- Each arch has twenty-four fully locked coil strand-type hangers that connect the arch rib and tie-beam by cast steel fork sockets, via a pin connection, to locally manufactured, engineering-grade, welded composite metal anchor plates.
- The anchor plates are, in turn, connected to the concrete structure via high strength threaded post-tensioned, stress bars.
Through a specified laboratory testing programme, the desirable concrete mix properties were selected; favouring structural and thermal performance properties, as well durable and sustainability parameters while also providing technical inputs to a construction stage finite element model. Construction methodology of large volume concrete elements was planned with due care and management of thermal performance aspects. The meticulous planning extended to sustainability considerations by recycling the old fabric of the original bridge within the permanent foundation fill of the new bridge.
Local manufacturers with support from overseas specialists were used to manufacture specialized components such as post tensioning systems, arch stay cables, anchor plates and support bearings.
Structural form and bridge aesthetics received meticulous attention during the conceptual design with due consideration of the following:
- The historical significance of existing multiple-span arch bridge inspired the structural form combined with the major benefit of the arch's ability to span over the entire river and consequently improve the hydraulic efficiency, specifically in view of the large skew angle of the crossing.
- A tied-arch bridge is particularly suitable for this topographic location, since it suspends the roadway and does not require propped arch founding conditions.
- V-hanger-configuration was adopted in preference to the vertical hanger orientation, since it provides an aesthetic advantage.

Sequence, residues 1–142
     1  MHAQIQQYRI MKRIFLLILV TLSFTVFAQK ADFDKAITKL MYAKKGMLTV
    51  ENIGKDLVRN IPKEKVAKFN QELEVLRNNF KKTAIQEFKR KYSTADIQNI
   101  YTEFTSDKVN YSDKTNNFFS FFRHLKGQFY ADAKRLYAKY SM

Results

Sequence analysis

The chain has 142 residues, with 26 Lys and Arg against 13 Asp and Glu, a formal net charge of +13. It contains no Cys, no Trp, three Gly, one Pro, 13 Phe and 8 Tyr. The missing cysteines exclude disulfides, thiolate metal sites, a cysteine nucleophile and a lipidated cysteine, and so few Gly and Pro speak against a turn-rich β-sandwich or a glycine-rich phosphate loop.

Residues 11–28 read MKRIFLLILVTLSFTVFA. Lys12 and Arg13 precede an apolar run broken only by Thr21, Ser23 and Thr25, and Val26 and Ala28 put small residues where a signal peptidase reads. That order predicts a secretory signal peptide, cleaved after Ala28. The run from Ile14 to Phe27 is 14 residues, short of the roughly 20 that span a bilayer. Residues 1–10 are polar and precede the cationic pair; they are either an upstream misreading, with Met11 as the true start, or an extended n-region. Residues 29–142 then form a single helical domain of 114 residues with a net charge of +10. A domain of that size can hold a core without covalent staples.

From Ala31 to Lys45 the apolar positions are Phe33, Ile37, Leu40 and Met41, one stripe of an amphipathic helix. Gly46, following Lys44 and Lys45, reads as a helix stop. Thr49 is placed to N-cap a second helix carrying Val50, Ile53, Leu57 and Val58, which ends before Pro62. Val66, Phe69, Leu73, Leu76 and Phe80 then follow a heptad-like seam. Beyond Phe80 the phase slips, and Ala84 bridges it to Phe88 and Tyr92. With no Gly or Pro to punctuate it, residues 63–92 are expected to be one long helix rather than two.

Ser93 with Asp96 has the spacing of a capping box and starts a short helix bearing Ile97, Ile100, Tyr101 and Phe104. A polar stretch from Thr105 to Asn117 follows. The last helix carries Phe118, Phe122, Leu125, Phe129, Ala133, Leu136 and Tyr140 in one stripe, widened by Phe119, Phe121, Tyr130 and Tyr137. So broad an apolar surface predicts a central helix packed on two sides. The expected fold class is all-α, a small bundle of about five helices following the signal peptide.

- Aesthetically, the slender tied arch design is appropriate due to the depth of the proposed roadway above the riverbed with a visually appealing light deck.
- The tied-arch form expresses a visualisation of flowing of forces with light hangers and slender members displaying a transparency accentuated by the surrounding mountains.
State-of-the-art bridge analysis software packages were also used for the construction stage analysis, in-service analysis, and design, a joint effort by AECOM's SA and UK Long-span complex bridge teams.
- Software models were updated with concrete material parameters, as determined from laboratory testing of actual material.
- This allowed an accurate simulation of the time-dependent material behaviour with the possibility of force adjustments during construction.
- Such modelling is important for bridges of this nature to ensure effective behaviour and force distribution of all structural elements during its full-service life.
An extensive structural behaviour monitoring plan was prepared for construction and included system identification by full-scale dynamic testing as well as structural behaviour verification by deformation measurements, requiring continuous modelling and monitoring during all construction stages. This will ensure that proper structural behaviour is achieved during the tensioning of the stay cables and structure's service life.
Modern state of the art structural components was designed, manufactured and installed using complex methodology. These included the concrete arch ribs, post tensioned tie-beams, stay anchors and cables as well as the transverse launching equipment which had to be specially imported.
Many design, procurement and construction challenges were addressed over several years.
Using a transverse launching method of a completed concrete tied-arch road bridge is a first in South Africa when more than 8000 tons of concrete and steel is moved over a distance of 24m in less than 24hours after several years of meticulous planning, design and construction.
The dead weight at each abutment of 4000 tons will be moved using the following equipment:
- Four 322 ton launching strand jacks
- Four pulling cables with 31 strands with a breaking force of 27 tons each
- Supplementary pulling capacity of two 120ton jacks with 50mm dia stress bars
- Four temporary launch sliding bearings with 900mm diameter rotational pots
- Four roller side guides to keep the bridge on track
On completion of the project, a total of 18% of the contract value would have been allocated to the creation of economic opportunities and entrepreneurial capacity in the surrounding areas. This includes a local labour utilisation of 65 000 person days and 300 work opportunities which were created for exempted micro enterprises and qualifying small enterprises (EME/QSEs).
The successful completion of the New Ashton Arch resulted in a proud monument for the region and all involved. A first and unique application of this bridge engineering technique for a concrete tied arch bridge in South Africa.